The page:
Writing Program at New College
Reflection Begins with a Decision
Question: How do you decide what issue to pursue as a topic for inquiry?
Answer: Choose the one that has already chosen you.
Some issues make a claim on our interest and grab our attention through the force of their importance. These issues have impact in our lives. There is no end to the variations on “the call to write,” as scholar and writing teacher John Trimbur has termed the motivating factors that get writers and researchers working. Consider the following issues and how they might encourage reading and writing.
- Band is being eliminated from your high school.
- Your manager at work asked you to write a proposal to justify your request for a raise.
- You are convinced that a recently passed state law is unjust.
- Cancer rates in your community are significantly higher than in surrounding communities. Locals fear environmental contaminants.
- A homeless shelter opens up in your neighborhood inspiring debates about safety that divide the community.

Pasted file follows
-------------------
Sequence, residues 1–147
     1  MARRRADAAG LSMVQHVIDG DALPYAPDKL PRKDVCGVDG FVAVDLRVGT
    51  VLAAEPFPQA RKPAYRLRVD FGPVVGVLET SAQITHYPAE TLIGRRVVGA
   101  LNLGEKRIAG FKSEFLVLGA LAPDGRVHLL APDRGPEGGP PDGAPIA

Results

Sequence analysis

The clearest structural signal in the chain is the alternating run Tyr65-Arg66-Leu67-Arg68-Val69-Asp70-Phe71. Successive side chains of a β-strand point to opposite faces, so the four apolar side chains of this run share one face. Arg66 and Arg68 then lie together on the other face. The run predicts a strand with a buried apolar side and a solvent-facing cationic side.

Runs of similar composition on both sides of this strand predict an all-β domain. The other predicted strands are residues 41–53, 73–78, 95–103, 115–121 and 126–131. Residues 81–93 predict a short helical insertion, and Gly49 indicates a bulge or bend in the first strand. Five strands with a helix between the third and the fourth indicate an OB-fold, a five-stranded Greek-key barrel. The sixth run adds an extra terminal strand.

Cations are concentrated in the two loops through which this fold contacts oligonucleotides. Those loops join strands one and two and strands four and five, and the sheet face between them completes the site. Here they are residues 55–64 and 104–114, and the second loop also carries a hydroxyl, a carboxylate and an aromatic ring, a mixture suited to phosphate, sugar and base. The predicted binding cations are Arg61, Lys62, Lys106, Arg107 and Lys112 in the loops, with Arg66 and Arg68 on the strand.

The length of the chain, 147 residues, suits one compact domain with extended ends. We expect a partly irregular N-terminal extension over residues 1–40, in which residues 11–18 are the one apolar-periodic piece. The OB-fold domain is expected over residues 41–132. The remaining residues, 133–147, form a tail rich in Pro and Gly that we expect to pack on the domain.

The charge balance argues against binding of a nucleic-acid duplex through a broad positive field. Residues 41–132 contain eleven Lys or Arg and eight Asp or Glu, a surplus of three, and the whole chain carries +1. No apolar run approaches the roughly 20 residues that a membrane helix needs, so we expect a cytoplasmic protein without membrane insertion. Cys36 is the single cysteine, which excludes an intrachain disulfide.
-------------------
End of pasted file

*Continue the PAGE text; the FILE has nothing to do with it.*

- Rampant binge drinking on campus alarms university officials and those in the surrounding community.
- A recently published article on the books of your favorite author gets it all wrong in your opinion.
- A local band continues to get no national press despite another brilliant album and sold out regional concert tour.
- A humanitarian crisis--child hunger in the United States, refugees fleeing Africa or Southeast Asia struggling to find refuge, impact of clean water scarcity around the world-- spirals further and further out of control.
These scenarios are meant to suggest the kinds of situations that demand our attention, research, and writing. Though these issues originate outside of an academic context, research in academic disciplines speaks to all of them. Approaching issues like these through careful reflection and an interdisciplinary approach marshals the broadest possible range of perspectives and methods of inquiry. Think of it as bringing your entire toolbox to a carpentry job, not just your hammer, saw, plane or drill. For dealing with the issue that demands our attention, the interdisciplinarity of this approach seems to us the most productive for the critical thinking and effective problem solving that follows.